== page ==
Behind the blue shutters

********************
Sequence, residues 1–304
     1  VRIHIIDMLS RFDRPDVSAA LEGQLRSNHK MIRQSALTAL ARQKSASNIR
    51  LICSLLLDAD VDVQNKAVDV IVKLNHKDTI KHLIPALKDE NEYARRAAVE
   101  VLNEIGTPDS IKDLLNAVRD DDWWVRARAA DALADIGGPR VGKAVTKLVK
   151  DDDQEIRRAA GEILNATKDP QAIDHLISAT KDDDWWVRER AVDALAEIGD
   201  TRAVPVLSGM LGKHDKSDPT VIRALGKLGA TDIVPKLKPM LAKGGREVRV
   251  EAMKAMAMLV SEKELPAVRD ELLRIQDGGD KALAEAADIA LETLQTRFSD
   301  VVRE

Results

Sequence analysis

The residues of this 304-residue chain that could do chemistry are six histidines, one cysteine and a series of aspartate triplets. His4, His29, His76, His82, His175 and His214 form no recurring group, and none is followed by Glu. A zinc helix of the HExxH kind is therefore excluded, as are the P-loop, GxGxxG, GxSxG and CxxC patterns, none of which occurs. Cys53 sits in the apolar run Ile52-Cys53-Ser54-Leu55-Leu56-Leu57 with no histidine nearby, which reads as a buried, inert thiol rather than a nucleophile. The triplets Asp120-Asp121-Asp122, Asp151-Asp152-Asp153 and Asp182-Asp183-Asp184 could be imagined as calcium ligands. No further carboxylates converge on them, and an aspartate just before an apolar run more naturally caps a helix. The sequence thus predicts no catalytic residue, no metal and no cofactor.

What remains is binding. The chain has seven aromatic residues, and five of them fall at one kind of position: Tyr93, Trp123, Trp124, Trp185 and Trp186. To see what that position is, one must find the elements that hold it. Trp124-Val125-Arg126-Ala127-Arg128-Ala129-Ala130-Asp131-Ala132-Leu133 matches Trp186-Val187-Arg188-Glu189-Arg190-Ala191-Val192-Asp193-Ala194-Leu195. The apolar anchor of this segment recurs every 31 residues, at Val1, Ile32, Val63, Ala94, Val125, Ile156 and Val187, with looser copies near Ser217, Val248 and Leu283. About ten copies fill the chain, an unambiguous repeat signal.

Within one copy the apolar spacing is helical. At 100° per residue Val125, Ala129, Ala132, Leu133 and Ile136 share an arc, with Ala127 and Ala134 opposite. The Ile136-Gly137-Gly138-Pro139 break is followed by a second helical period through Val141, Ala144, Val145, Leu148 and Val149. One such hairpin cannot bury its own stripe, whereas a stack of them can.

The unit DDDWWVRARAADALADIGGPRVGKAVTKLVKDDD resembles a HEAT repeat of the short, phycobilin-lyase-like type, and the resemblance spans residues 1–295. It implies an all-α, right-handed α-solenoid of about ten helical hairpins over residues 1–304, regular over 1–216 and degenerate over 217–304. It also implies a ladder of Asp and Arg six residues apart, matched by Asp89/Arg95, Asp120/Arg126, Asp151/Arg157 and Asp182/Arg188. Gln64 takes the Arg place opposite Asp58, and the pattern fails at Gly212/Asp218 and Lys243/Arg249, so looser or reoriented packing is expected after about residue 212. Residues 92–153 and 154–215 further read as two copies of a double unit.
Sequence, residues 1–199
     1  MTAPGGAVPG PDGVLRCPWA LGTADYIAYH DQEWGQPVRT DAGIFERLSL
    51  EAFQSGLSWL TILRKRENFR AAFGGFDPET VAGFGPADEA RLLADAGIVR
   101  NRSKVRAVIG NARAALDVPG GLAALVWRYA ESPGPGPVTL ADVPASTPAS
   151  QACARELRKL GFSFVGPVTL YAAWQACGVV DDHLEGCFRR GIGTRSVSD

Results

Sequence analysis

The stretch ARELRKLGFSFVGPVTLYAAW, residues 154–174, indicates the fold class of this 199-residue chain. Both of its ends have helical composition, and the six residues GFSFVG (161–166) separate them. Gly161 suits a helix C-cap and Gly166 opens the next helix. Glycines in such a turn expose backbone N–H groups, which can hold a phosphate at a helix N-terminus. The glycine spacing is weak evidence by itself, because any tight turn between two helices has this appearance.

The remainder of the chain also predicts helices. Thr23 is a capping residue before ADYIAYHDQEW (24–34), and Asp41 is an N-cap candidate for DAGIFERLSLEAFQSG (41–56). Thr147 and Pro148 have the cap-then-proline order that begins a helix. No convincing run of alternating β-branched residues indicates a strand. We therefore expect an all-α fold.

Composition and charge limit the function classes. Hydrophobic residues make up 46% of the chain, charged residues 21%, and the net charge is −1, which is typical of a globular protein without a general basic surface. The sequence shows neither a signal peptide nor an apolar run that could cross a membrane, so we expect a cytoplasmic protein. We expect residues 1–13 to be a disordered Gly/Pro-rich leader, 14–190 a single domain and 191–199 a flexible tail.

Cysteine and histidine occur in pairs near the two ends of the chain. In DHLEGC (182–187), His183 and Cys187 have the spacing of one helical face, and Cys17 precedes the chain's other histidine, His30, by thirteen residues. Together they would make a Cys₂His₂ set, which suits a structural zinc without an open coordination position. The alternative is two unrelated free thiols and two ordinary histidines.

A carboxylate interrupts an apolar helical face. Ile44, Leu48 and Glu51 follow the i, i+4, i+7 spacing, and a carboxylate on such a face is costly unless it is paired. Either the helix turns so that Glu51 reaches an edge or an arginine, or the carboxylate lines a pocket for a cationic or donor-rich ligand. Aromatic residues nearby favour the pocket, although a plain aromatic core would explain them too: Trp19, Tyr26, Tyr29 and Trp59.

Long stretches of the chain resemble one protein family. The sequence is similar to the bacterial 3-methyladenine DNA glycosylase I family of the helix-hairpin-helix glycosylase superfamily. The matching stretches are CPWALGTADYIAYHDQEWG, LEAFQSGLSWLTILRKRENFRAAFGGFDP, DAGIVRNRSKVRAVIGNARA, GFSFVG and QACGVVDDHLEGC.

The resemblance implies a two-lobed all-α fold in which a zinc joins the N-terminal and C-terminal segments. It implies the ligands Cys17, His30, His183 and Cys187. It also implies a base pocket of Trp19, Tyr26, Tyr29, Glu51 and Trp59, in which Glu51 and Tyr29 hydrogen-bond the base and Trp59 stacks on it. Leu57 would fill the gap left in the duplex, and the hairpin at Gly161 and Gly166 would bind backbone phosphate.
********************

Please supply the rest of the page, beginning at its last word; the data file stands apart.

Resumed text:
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Throughout western history, people feared what they did not know; anything considered different made society feel uncomfortable. Humans have been conditioned to dislike differences and stay away from them. Because of this, western culture tends to ostracize people different from them and focus on similarities among themselves. Even though several social movements surrounded around equality molds American history, the tendency to think in binaries prevails. Humans see oppositional categorizing as essential; a person is boy or girl, black or white, straight or gay; the amounts of binaries are endless. Not only does society place individuals into opposing groups, they also exclude each other within those groups. Intragroup differences go unaddressed, especially in social movements. However, the study of intersectionality emphasizes the importance of accepting differences as differences and forming genuine empathetic relationships with people of different identities. According to popular belief, third wave feminism gave birth to intersectionality, but with close examination of the waves of western feminism, one sees how the ideas associated with intersectionality date back to the abolitionist movement.